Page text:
Have a read and then come back to review:
Start with this:
TASER’s Mark W. Kroll responds in an email:
Him again? Keeps turning up like a bad penny...
The infamous Ruggieri clearly does not count as he is a high-school dropout fired by the Coast Guard where he had been hired by falsely claiming to be an engineer. His junk science manuscript, “Lethality of TASERs” was rejected by the reviewers for the Journal of Forensic Science so he has never had a peer-reviewed article. Ruggieiri got a friend to do a photocopy “publication” of an amusing piece which claimed, among other things, that cardiomyopathy patients could die from the static shock of walking across carpet or combing their hair. He also apparently solved the energy problem by getting 704 watts out of a TASER device powered by a 30 watt pack of 8 AA cells. One glance at this piece will disabuse anyone of the fantasy that it was ever peer reviewed.
Jean | November 27th, 2007 at 1:34 am
Thanks for this article. It seems there are many here who wish to silent you too. The Taser’s respondant Mark W. Kroll should verify his sources. His reply only shows contempt but not a single ounce of consideration for others opinion nor for the truth, and this is precisely what we could object to Taser. Recently a UN committee expressed concerns regarding the Taser saying that is looks like a torture gun.
About Ruggieri’s credentials, one should read the following article:
“Ruggieri said he left high school to attend college in New York. He later obtained a master’s degree in computer science from the University of Phoenix. Ruggieri’s resume shows that he is a professional engineer with licenses in five states. He said he has investigated electrical accidents for federal agencies and helped write electrical safety standards for top electrical laboratories and commissions. (His) study, published … in the peer-reviewed Journal of the National Academy of Forensic Engineers, concluded that the shocks are powerful enough to cause fatal heart rhythms. It is one of the few scientific studies of Taser’s electric jolt in which the company did not participate. Journal Editor Marvin Specter said the academy is affiliated with the National Society of Professional Engineers and is made up of experts in several engineering disciplines. The Journal lists a technical review committee for Ruggieri’s study that includes 20 engineers, including one well-known Taser consultant. The reviewers’ identities are confidential and have not been released, Specter said. Specter said Ruggieri’s paper went through a rigorous peer-review process before being published in the biannual journal”
Gerteg Brueller | March 30th, 2007 at 3:07 pm
"The comment of Mark Kroll is part of why the Taser Co. has lost so much respect. I am a professor of physics and electrical engineering and I have verified the study made by Mr. Ruggieri. Also, an esteemed professor at Duke University at the United States, and a close former student of my at a national laboratory has also confirmed Ruggieri’s testing and results. I looked up Mark Kroll and note that he is employed by Taser. Why did he not reveal that he has a large axe to grind? This company has lost so much respect and affection and we will never use these equipment here in this country."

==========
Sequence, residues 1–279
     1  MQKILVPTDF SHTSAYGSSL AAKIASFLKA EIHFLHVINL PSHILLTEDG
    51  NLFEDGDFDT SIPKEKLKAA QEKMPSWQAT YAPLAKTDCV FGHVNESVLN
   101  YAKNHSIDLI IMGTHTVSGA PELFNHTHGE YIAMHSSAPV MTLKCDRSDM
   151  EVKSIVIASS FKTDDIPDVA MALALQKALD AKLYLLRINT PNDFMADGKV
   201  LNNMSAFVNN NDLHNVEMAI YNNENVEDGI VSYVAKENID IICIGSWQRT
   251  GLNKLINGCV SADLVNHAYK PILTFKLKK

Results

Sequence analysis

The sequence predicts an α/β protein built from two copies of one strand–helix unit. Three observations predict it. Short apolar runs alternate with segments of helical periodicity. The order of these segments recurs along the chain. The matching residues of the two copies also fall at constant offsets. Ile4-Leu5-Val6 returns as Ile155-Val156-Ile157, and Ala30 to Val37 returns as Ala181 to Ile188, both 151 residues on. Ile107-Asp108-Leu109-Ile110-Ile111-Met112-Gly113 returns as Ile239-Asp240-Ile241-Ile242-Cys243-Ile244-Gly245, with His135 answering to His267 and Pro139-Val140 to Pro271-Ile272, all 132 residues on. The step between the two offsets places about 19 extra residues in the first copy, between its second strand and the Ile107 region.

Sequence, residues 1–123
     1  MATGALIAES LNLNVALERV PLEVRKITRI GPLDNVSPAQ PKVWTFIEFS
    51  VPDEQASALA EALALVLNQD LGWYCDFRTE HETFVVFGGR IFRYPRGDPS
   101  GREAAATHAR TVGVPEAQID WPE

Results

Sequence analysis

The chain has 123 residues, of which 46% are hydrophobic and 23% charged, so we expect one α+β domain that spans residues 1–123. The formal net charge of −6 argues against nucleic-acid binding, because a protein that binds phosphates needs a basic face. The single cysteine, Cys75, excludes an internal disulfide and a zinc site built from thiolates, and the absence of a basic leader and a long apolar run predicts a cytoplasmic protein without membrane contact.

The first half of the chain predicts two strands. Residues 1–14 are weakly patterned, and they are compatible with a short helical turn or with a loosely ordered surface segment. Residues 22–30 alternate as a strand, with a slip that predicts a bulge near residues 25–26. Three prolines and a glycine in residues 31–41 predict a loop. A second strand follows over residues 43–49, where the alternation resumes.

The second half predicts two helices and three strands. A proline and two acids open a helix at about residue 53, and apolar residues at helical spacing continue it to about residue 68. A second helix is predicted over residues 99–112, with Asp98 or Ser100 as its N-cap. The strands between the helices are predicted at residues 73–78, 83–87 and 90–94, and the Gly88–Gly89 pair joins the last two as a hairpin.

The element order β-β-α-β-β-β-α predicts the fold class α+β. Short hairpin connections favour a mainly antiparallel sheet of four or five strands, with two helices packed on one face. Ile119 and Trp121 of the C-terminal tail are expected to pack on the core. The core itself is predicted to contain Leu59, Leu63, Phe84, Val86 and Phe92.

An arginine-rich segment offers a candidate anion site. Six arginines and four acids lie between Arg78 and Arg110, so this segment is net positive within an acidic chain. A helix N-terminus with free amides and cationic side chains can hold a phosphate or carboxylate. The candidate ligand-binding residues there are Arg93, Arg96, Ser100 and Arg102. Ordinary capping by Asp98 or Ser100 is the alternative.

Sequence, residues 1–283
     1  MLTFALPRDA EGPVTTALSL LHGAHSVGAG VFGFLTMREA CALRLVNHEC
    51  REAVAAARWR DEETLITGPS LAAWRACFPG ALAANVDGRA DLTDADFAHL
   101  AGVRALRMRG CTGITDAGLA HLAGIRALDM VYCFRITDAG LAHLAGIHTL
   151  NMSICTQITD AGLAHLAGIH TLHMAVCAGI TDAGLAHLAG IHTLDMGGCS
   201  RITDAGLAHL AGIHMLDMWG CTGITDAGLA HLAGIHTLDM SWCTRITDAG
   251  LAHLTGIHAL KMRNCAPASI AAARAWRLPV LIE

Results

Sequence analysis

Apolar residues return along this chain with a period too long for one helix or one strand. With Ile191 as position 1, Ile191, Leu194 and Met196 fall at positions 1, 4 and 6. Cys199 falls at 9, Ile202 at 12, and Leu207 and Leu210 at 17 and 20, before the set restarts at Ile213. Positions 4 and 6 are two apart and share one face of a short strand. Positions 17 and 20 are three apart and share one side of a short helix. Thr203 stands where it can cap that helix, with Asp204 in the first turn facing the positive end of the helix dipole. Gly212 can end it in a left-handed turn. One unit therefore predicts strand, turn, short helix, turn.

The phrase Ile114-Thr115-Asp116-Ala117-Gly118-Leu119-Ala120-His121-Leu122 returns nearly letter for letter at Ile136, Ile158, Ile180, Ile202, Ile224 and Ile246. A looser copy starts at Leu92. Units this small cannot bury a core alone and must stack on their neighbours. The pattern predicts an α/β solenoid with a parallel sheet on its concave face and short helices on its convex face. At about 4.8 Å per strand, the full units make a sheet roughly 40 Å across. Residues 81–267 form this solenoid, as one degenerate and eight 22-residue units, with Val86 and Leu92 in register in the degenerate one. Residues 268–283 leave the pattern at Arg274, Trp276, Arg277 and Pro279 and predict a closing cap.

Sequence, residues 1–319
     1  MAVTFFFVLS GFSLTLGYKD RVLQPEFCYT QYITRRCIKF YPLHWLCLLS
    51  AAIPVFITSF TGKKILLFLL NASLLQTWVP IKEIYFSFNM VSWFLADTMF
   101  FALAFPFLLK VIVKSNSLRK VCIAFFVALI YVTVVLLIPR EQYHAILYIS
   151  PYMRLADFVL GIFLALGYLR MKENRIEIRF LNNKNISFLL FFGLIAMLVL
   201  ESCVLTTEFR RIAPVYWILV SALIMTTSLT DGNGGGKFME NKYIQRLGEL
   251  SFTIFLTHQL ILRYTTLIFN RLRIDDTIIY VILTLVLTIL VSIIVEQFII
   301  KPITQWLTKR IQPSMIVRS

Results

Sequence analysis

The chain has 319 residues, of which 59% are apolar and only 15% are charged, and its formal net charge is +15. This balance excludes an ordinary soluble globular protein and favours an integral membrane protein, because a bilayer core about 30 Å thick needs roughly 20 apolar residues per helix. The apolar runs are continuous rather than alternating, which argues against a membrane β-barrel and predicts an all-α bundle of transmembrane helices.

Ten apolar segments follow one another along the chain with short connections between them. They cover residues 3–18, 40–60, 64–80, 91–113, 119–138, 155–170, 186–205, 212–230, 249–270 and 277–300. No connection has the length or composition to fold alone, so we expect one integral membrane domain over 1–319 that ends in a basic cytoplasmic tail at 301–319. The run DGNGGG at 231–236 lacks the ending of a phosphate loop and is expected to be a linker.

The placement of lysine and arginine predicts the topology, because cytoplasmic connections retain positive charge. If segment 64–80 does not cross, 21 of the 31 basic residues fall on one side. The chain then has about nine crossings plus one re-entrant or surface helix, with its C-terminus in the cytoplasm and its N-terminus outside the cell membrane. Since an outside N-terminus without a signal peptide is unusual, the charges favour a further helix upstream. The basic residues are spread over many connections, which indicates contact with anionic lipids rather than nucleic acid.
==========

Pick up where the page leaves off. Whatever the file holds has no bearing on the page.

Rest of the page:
Anonymous Engineer | June 14th, 2007 at 7:53 am
Ignoring the debate on the merits of Tasers for a moment, there is a serious flaw in the argument. Did Mark Kroll (Chief Technologist of St. Jude Medical Cardiac Rhythm Management) and apparently on the board of directors at Taser, seriously make this dismissive statement:
“He also apparently solved the energy problem by getting 704 watts out of a TASER device powered by a 30 watt pack of 8 AA cells.”
If that is Mark’s considered opinion, he is clearly incompetent to speak on the issue. It is TRIVIAL to get 704 watts out of a 30 watt pack of batteries. It doesn’t break the laws of conservation of energy. ‘Watts’ is a measure of POWER, not ENERGY. A chief technologist working for Taser should be competent enough to know the difference. For example, you could charge a capacitor from the 30 watt pack of batteries for 12 seconds, then discharge the capacitor in half a second … that would give you an output of 720 watts. (Ignoring inefficiencies - I’m pointing out the lack of logic here, not designing a circuit for them)
I hope that this was only a momentarily lapse of competence on Taser’s behalf. I hope.
(PS: This comment is anonymous because it doesn’t rely on my identity to give it value. Any competent engineer will confirm the details.)
Well, I can vouch for that basic fact about power and energy. If a so-called Ph.D. doesn't know that of the top of his head, then he should turn in his diploma.
The above exchange reflects very badly on that cornered wild animal that Taser has become. Very dangerous.
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